There are four little hooks on the light casing, two on either side, and the light attaches via elastic “o” ring type bands. The packages I got had one large and one small “o” ring. I had a few “o” rings lying around leftover from other hardware, plumbing I suppose, and they worked fine and the “o” rings seem to be exactly like what you would buy into Lowes. You could also use any sort of other type of ring or small strap that would attach around the light’s hooks too, though the “o” rings that came with it are made for diameters of 12-35 mm or so, they are really stretchy and you can combine two together also. I was able to attached a light to a Fitbit Charge 2 band while running as well as the buckle of a reflective sash/belt and the dog’s collars and leashes. And they would fit many other things that you might need a warning light for I would suppose – tractors, lawn tractors, snowblowers, backpacks, slow-moving vehicles, recumbent bikes, bike helmets, trikes, bike racks and carriers, jogging strollers, bike trailers, heck – probably your horse carriage too 😉
But of course they are probably bought the most for the purpose of using on bikes – the small band fits most things toward the back of the bike while the large band fits most of the things on the front. They’re attached most anywhere on the frame, seat post, fork, aerobars or bar ends, handlebar, and seat bag (slide the ring vertically down through the strap on the back of the seat bag and slip the hooks of the light over the ring above and below the seat bag strap – see pic below) or any place the attachment ring will fit around..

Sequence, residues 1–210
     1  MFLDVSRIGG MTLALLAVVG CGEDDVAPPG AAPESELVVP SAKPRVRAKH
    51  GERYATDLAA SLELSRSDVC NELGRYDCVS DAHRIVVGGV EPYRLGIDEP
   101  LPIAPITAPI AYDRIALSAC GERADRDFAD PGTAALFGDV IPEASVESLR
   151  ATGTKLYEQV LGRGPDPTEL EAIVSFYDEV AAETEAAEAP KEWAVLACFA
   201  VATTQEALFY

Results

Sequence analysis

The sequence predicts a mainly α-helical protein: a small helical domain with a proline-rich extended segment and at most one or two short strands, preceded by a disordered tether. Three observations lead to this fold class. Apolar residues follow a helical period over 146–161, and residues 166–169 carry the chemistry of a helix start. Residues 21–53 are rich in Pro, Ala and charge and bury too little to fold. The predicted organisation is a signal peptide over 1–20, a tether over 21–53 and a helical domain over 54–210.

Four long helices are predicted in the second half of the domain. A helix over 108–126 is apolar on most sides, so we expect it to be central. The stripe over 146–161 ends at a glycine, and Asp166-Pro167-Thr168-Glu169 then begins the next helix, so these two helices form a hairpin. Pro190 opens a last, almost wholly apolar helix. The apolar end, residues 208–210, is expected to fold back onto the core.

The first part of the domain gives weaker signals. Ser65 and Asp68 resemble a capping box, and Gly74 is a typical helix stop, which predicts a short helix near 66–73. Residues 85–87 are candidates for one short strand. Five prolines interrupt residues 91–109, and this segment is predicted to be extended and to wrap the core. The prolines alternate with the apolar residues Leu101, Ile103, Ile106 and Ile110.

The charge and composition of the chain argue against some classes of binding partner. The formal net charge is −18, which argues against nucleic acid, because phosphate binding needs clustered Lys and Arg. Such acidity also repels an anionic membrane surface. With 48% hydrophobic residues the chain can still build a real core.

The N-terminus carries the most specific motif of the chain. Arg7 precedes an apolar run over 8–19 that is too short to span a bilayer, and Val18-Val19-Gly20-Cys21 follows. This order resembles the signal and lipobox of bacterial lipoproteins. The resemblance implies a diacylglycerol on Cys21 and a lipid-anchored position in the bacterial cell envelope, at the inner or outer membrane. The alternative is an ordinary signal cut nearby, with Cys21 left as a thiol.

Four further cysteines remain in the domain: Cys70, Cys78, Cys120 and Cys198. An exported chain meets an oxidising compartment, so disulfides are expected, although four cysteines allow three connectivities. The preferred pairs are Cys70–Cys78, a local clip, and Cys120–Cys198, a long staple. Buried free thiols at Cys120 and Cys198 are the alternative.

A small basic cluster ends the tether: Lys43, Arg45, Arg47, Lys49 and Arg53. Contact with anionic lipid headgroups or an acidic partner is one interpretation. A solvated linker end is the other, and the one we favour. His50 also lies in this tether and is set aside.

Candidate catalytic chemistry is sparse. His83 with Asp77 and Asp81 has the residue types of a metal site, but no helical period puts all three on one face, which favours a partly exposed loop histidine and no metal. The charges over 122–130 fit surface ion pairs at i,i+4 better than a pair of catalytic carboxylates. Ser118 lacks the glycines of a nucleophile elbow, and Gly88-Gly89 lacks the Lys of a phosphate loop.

These are bright! With five bright lights in each one – and they are quite visible from a distance (see the video at the bottom of this page for a quick daytime demonstration). In addition to being bright as seen directly from the front of the lights they are also visible from the left and right and top and bottom. There are multiple flash modes – holding down the tiny power button on the front for a few seconds turns it on and pressing it again rotates through the flash types, the first flash mode which is an up-and-down following sequence with a spreading flash rotation at the end of the sequence before it starts over, the second mode is a strobe, the third another sequence and the fourth a solid light. Holding the button again for a few seconds turns it off. I can usually reach down while biking and turn it on without stopping. The flashing sequences last for hours, three hours at the most for me but the solid light mode seems to last much less – an hour and a half or less. Any of the moving or strobe flashing settings are the way to go as they are definitely attention-getting.
One thing of note is that these are warning lights, and you can’t use the white one with a solid always-on to light your way. Don’t get me wrong; these are super-bright but they are also diffused and their purpose is for warning. For a real headlight you want to go with a real headlight or flashlight sort of light of course.
Outside of the waterproof USB cover coming off on one they seem to be durable and built as well as can be expected, at least over the six or so months that I have had them, with the lens plastic feeling quite thick and the design fairly low-profile and protective yet able to allow the light to be seen well from five directions (directly, from the left and right, and from the top and bottom).
So I have to say that I am quite happy with these lights, and heartily recommend them. I may even give the blue one a try just for fun. Both the white and the red ones I have been testing are tremendously bright and very visible, easily attached and detached to pretty much anything and charge relatively quickly.
Again, you can find these sold all over the Internet and some buying links are here – a two count of red and clear from Outair, a single red from Angeli, a three light combo of white, blue, and red from Angeli, one red light from GoBike. Also note the Youtube video below showing the flash sequences.